Morgan Stanley is the first big U.S. bank to offer wealthy clients access to bitcoin funds

Morgan Stanley is the first major US bank to offer its wealth management clients access to Bitcoin funds, as CNBC has learned exclusively.

The investment bank, a wealth management giant with $ 4 trillion in client assets, told its financial advisors in an internal memo on Wednesday that it was initiating access to three funds, according to people with direct knowledge of the matter Enabling Bitcoin Ownership.

The move, an important step in Bitcoin’s adoption as an asset class, was taken by Morgan Stanley after customers began demanding exposure to the cryptocurrency, said the people who refused to be identified and shared details about the bank’s internal communications . Bitcoin’s rally last year put Wall Street companies under pressure to consider getting involved in the emerging asset class.

For now, at least, the bank is only allowing its wealthier customers access to the volatile assets: the bank believes it is suitable for those with “aggressive risk tolerance” who have assets of at least $ 2 million owned by the company.

Some restrictions

Investment firms must have a minimum of $ 5 million with the bank to qualify for the new shares. In any case, the accounts must be at least 6 months old.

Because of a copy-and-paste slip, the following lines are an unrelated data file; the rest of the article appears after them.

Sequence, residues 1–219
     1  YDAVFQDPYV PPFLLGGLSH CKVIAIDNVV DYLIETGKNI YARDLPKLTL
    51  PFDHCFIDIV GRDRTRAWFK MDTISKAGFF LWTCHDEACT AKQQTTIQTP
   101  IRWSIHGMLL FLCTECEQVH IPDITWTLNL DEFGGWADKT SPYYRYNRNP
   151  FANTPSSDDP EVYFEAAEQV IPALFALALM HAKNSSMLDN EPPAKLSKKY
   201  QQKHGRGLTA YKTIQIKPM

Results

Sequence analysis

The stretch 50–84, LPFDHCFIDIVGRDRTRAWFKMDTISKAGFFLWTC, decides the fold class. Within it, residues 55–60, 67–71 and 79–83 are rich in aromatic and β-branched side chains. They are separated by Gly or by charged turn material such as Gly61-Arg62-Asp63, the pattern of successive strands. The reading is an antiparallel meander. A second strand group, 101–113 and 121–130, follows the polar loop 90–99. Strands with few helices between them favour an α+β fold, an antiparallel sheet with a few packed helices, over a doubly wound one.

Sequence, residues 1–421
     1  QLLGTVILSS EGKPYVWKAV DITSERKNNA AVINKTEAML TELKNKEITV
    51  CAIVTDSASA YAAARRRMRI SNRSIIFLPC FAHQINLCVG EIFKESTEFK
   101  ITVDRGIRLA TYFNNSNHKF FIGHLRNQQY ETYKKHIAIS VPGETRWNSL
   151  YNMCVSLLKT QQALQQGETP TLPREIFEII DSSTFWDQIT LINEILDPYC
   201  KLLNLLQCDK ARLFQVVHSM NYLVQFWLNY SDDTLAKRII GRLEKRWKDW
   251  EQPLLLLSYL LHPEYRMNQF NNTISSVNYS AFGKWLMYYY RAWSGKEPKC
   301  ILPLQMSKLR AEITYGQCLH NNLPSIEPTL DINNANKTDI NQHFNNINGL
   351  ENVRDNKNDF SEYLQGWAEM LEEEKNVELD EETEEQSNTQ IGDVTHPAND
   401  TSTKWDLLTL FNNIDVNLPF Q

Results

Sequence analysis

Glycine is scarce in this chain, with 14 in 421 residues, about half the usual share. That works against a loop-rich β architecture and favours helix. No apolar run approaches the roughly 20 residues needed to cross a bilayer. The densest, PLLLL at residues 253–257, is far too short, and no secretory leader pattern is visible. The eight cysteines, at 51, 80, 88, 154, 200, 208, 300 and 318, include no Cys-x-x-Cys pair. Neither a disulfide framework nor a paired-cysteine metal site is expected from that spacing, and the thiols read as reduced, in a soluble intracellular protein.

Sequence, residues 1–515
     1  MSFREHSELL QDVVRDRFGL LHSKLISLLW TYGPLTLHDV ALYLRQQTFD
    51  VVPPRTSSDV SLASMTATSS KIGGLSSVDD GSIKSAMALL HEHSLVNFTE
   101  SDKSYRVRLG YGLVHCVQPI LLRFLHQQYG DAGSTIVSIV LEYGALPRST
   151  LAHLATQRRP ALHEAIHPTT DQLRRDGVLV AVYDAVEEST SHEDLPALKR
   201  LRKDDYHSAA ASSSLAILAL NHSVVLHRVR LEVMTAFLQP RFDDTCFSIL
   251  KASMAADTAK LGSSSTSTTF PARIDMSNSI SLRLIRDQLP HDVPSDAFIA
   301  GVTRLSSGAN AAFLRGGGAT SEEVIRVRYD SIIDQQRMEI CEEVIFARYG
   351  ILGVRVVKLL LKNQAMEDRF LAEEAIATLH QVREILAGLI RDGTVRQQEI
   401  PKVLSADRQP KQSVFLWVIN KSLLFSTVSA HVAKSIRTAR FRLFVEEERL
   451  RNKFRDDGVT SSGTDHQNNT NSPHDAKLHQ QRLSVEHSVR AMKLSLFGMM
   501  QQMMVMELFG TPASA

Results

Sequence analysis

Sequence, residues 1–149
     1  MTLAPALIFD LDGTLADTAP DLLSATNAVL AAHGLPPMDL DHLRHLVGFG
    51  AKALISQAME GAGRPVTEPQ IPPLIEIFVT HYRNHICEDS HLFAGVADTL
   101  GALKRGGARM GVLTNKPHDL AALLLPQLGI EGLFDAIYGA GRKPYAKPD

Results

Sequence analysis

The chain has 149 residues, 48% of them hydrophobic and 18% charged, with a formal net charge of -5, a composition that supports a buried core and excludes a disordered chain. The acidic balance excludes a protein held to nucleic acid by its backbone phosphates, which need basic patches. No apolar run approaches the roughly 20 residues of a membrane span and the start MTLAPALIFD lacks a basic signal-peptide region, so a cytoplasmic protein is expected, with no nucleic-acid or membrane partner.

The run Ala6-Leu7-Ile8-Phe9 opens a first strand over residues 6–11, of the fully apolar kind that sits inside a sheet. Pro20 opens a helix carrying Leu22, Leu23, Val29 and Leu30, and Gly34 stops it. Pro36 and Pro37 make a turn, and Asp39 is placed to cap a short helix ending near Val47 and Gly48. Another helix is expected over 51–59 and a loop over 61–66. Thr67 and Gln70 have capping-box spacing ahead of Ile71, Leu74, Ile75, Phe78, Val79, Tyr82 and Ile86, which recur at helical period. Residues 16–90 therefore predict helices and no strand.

And even for those accredited U.S. investors with broker accounts and enough assets to qualify, Morgan Stanley limits Bitcoin investments to as much as 2.5% of their total net worth, people said.

Two of the funds on offer come from Galaxy Digital, a crypto firm founded by Mike Novogratz, while the third is a joint effort by asset manager FS Investments and bitcoin company NYDIG.

The Galaxy Bitcoin Fund LP and FS NYDIG Select Fund have a minimum investment of $ 25,000 while the Galaxy Institutional Bitcoin Fund LP has a minimum investment of $ 5 million.

Customers are likely to be able to start investing as early as the next month after the bank’s financial advisors complete training tied to the new offerings, respondents said.

The wealth management divisions of Goldman Sachs, JPMorgan Chase, and Bank of America do not currently allow their advisors to offer direct Bitcoin investments.

Earlier this month, JPMorgan filed documents related to a new debt investment tied to a basket of stocks with crypto exposure, such as MicroStrategy, the software company that keeps Bitcoin on its balance sheet, and payment company Square.

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